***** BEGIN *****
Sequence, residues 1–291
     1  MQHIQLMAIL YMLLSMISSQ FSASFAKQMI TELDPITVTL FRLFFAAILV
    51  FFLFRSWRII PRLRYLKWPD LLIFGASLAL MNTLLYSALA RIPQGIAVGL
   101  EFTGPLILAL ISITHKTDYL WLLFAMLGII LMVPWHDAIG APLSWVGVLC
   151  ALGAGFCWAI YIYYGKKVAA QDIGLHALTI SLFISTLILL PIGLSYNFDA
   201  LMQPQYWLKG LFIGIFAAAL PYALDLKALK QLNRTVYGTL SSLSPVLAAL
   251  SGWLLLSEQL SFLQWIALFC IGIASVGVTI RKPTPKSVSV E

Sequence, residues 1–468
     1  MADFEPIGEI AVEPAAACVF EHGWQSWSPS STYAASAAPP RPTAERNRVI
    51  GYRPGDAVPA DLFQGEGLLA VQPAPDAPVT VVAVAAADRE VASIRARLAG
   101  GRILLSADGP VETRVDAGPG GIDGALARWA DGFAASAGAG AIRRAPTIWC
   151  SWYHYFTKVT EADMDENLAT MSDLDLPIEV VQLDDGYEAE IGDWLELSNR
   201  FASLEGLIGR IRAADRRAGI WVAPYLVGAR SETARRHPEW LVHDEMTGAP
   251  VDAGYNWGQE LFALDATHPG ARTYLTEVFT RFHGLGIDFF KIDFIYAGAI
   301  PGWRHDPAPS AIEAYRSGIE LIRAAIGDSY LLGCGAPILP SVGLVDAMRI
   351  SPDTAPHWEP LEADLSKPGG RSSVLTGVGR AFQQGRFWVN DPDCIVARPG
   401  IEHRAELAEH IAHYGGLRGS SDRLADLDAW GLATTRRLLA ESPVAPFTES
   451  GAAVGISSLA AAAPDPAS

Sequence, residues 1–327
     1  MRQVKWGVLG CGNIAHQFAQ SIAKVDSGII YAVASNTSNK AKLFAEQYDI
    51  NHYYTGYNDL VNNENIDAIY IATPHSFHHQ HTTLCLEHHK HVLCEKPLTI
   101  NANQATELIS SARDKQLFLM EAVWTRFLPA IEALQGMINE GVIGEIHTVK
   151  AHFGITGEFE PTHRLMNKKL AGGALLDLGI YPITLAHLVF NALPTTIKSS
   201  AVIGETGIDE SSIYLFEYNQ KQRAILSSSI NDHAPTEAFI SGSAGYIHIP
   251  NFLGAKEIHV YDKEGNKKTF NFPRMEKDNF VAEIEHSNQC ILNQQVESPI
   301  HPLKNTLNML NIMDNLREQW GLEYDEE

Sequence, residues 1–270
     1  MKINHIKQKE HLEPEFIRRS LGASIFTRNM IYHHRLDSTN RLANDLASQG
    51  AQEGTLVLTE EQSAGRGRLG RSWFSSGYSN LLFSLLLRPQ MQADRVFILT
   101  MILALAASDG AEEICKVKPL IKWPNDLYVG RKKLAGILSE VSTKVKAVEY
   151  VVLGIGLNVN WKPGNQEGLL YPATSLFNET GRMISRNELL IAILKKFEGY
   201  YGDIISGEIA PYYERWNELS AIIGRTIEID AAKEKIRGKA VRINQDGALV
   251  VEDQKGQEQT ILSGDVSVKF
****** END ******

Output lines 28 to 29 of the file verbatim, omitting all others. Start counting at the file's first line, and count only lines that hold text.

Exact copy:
     1  MKINHIKQKE HLEPEFIRRS LGASIFTRNM IYHHRLDSTN RLANDLASQG
    51  AQEGTLVLTE EQSAGRGRLG RSWFSSGYSN LLFSLLLRPQ MQADRVFILT